In 2013, we bought 16.5 acres of land in Nosara, Costa Rica, and Subramuniya Sanctuary was born! Together, we shared a vision to create a Hindu spiritual sanctuary where all guests could take respite from their daily lives, restore their physical health, and nurture their souls amidst the matchless abundance of nature.
Previously, this land had been abandoned, and it has been one of our greatest joys bringing it back to glory by reforesting it with native and non-invasive exotic species. Ultimately, we hope this will also be a sanctuary for the indigenous wildlife, which is much in need of natural habitats.
Subramuniya Sanctuary, as it is legally registered, is named after my late guru to whom I am in deepest gratitude for his life-transforming love and wisdom. We affectionately call this land Siva Ashram.
Our wish is that all those who may come to visit also come to “know thyself” – a central teaching of my guru and spiritual lineage.
I was 24 years old when I was initiated to be a monk by my guru, Sivaya Subramuniyaswami (more affectionately known as Gurudeva). For decades, my family members have been disciples of this lineage, including my great grandfather who in the 1900s was a disciple of Yogaswami, a renowned guru and mystic in Sri Lanka and the guru to Gurudeva. I continued the family guru-disciple lineage when I joined Gurudeva’s monastery in Hawaii, where I lived and studied for 10 years.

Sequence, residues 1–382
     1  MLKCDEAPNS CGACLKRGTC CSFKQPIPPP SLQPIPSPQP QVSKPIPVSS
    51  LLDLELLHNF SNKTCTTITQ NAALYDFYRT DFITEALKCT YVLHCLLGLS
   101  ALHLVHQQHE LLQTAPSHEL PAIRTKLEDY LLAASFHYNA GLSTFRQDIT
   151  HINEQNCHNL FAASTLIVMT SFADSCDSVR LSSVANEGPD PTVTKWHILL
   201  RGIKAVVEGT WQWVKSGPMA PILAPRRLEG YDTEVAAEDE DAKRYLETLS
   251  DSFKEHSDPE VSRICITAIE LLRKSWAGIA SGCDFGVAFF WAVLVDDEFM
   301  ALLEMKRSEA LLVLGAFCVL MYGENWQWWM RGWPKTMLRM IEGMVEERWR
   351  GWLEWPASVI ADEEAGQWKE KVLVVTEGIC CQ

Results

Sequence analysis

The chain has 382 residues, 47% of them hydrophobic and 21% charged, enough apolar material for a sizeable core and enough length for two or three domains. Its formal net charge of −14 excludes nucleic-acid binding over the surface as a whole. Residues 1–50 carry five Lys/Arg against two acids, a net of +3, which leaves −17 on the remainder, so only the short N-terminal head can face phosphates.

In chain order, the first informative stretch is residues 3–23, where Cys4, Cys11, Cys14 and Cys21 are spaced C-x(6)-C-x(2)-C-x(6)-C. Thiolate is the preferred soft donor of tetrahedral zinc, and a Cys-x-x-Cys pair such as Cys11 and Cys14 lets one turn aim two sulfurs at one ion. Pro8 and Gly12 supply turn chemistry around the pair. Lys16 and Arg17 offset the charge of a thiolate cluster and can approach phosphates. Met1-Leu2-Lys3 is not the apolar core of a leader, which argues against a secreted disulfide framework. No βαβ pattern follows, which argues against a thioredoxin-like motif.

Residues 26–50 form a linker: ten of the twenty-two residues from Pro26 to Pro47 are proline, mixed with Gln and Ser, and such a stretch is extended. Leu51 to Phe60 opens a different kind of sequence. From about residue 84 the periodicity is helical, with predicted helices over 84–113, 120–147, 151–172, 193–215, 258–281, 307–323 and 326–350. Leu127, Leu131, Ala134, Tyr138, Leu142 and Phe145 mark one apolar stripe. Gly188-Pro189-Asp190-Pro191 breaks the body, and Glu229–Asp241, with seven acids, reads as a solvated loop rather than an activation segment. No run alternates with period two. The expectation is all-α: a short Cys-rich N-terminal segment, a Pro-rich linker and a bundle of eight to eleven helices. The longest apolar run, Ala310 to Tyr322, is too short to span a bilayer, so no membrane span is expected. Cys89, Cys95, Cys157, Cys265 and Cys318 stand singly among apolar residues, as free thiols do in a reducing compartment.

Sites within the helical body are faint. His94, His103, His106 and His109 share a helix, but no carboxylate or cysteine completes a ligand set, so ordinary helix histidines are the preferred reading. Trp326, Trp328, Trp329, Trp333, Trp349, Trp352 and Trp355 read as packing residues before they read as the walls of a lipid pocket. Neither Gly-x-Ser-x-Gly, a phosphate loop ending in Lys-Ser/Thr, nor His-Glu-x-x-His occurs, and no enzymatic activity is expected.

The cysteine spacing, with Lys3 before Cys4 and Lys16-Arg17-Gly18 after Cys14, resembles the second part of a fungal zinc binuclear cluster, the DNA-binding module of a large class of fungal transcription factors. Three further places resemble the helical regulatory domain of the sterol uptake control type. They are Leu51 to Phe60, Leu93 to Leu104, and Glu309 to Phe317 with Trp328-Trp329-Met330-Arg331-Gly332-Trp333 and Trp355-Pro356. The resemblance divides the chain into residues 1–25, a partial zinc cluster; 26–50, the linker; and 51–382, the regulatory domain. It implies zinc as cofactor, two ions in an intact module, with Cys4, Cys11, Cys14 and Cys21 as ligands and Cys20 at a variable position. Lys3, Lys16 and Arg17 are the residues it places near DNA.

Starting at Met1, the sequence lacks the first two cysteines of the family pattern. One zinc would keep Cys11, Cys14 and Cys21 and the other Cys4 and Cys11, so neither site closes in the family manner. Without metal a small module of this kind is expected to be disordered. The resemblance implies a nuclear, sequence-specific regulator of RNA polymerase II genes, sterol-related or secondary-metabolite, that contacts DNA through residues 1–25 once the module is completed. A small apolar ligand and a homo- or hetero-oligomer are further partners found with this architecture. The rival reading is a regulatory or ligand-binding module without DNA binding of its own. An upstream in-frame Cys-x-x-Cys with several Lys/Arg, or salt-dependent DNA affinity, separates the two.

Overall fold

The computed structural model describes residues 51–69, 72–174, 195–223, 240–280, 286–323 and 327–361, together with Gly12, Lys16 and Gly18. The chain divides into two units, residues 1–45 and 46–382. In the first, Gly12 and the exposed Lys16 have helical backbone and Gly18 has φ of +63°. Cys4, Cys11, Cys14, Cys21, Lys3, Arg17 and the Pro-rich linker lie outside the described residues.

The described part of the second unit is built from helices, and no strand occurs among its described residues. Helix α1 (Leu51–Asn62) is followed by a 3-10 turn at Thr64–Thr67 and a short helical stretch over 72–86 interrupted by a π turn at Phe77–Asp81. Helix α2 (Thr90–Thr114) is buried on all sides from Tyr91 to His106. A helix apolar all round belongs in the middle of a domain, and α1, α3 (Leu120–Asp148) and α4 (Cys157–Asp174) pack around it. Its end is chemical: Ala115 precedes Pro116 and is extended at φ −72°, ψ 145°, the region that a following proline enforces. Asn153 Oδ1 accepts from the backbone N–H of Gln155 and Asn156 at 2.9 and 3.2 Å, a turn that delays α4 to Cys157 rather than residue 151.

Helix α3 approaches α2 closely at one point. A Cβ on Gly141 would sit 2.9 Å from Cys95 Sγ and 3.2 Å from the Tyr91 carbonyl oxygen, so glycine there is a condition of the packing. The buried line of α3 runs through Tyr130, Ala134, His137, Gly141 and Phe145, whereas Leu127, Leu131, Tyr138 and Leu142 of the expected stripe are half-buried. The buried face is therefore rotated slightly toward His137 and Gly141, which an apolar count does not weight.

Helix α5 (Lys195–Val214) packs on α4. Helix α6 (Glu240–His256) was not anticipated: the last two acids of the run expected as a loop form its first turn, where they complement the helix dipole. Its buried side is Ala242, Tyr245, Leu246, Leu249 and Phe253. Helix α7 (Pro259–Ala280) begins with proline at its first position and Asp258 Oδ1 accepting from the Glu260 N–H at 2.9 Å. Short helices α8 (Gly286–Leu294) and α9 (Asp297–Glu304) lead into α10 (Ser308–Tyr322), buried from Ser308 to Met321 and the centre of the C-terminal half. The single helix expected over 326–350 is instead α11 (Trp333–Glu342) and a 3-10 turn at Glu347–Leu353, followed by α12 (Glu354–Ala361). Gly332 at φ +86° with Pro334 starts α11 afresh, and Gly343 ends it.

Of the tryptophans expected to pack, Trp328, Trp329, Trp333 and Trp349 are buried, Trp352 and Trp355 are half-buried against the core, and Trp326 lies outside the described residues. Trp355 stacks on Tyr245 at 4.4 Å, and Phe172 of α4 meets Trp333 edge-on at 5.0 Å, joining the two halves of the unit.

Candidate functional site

The teachings of Yogaswami and Gurudeva have transformed my life, the lives of my family members, and the lives of many others. Inspired to honor, celebrate and continue to share their work, my wife and I are building this sanctuary for those who are serious about personal growth, self-transformation, making progress on the spiritual path and the ultimate goal of self-realization.
People often say they are on the spiritual path, but most people are unable to outline the philosophy of the path, the path itself and its goal. To make progress on the spiritual path, these three things must be clearly defined.
Siva Ashram is dedicated to fostering the “Path of Spiritual Practice” – also known as the Sadhana Marga – via the philosophy of Saiva Siddhanta, which is rooted in the teachings of the Hindu Vedas and the Agamas.
As Gurudeva put it, “the path of Saiva Siddhanta is worshipping God on the outside and realizing God on the inside, and when the two come together – transformation!”
It is this path of self-transformation that gradually unfurls through personal effort, spiritual discipline and consistent inner work. On this path, there should always be a sense of urgency but never a feeling of rush.